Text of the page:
The Life and Writings of C.S. Lewis
Reviewed by Paula Bergstrom
[This review originally appeared in Mythprint 48:4 (#345) in April 2011.]
With a twice-a-day hourly commute and a desire to learn more about C.S. Lewis (I’m more familiar with Tolkien), I selected this course from the ‘The Great Courses’ lecture series held by my local library. Since 1990, the Teaching Company has produced hundreds of university-level courses (in CD and DVD formats) taught by highly-regarded professors. Many of the Teaching Company’s chosen lecturers have won teaching awards, i.e., they are selected not only for their academic knowledge, but for their ability to condense and convey broad areas of art, music, history, literature, science, and other subjects to an interested, informed listener. Louis Markos, Professor in the English Department at Houston Baptist University, is no exception. Having contributed lectures to the Great Minds of the Western Intellectual Tradition series (2001) and as sole lecturer for From Plato to Postmodernism: Understanding the Essence of Literature and the Role of the Author (2002), Markos has also spoken on a wide variety of subjects (ancient Greece, Greek mythology, horror films, etc.) to an array of audiences. Besides teaching at the university level, he has written Lewis Agonistes: How C.S. Lewis Can Train Us to Wrestle with the Modern and Postmodern World (2003), a book for the general public. His extensive knowledge of Lewis is also illustrated in the course guidebook where he provides an eleven page bibliography that includes not only Lewis’s work, but a list of biographies and works of criticism. More recently, he has written Apologetics for the Twenty-first Century (2010), and his book, On the Shoulders of Hobbits: What Tolkien Can Teach Us Today (Moody Press) is due out in 2011.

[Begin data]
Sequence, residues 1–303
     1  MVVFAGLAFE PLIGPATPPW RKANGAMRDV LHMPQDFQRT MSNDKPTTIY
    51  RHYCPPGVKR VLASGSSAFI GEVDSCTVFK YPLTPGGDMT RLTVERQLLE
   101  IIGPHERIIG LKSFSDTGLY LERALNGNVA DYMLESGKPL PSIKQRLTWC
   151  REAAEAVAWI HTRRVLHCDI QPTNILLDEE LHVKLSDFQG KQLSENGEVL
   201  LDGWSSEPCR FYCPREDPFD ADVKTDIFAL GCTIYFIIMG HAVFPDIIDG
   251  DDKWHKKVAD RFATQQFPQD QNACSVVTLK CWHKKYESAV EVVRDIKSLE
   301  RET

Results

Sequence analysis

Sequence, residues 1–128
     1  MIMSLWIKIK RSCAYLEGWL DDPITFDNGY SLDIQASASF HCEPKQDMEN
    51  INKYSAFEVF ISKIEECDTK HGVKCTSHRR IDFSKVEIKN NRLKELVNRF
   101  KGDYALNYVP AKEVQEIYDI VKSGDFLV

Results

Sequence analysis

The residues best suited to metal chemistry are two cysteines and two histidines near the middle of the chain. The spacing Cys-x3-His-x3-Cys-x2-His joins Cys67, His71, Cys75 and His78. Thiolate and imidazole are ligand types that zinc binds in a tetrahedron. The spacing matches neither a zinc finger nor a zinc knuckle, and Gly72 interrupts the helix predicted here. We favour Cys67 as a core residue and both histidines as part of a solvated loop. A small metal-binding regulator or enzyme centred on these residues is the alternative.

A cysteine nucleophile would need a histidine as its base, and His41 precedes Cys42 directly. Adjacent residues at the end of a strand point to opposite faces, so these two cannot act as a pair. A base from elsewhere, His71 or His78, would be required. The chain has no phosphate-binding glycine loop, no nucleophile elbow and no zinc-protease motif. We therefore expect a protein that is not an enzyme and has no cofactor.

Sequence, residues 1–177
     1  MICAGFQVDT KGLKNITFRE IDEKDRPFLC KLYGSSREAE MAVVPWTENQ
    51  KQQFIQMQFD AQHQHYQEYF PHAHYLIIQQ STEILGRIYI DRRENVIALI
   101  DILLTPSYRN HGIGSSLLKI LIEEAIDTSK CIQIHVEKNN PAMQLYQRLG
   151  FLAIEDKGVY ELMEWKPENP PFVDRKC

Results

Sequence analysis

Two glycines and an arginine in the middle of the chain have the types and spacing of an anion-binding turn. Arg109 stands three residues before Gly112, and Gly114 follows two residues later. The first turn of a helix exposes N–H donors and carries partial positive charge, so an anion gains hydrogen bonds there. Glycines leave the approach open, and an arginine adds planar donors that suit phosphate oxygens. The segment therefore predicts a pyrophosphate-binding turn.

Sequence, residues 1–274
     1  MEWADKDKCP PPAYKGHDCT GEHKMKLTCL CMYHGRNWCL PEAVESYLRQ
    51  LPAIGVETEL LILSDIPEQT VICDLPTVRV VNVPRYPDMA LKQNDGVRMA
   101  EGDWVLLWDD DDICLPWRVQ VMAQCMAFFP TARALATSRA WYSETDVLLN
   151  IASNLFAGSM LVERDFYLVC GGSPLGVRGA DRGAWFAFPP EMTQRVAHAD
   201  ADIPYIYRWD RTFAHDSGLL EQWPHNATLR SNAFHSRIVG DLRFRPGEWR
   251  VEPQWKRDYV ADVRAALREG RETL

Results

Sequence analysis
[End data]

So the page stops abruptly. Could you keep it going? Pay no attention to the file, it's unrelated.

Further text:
Covering C.S. Lewis’s entire life and canon in 12 half-hour lectures is no easy task. Yet that is what Professor Markos enthusiastically attempts to do. After a brief survey of Lewis’s life, Markos plunges into an overview of Lewis’s major nonfiction works in the first half of the course, and then into his fiction, especially The Chronicles of Narnia, in the second half. And this is precisely what I was looking for when I selected this course as my entry into learning more about Lewis.
Markos begins the course by clearly stating that C.S. Lewis has had a profound effect on his life and that he has read Lewis’s works numerous times — but not to worry, he does not intend to preach. And much of the time, he doesn’t. However, as others have noted in the online reviews of this course (http://www.teach12.com), Markos has a rapid, staccato style of lecturing. Though he enunciates clearly, his delivery can become so fast, usually in the second half of a lecture, that he interrupts himself and doesn’t finish sentences. This is likely due to his enthusiasm for Lewis’s work. But, coupled with his occasional insertion of Biblical scripture and his insistent, adulatory approach to Lewis’s Christian perspective, Markos comes close to ‘badgering’ his listener. I appreciate a lively lecture. In fact, I can get rather expressive myself when speaking to undergraduate students about counter-intuitive elements in population genetics. But too much animation can distract a listener from the subject matter. Midway through the first half of the lecture series, I dipped into Lewis’s Mere Christianity and read, with relief, a more seasoned, even-tempered approach to his apologetics. For debates dealing with the Christian faith, I prefer Lewis’s clever coaxing to Markos’s occasionally shrill stridency. On the other hand, with his brisk lecturing style, Markos covers a lot of ground.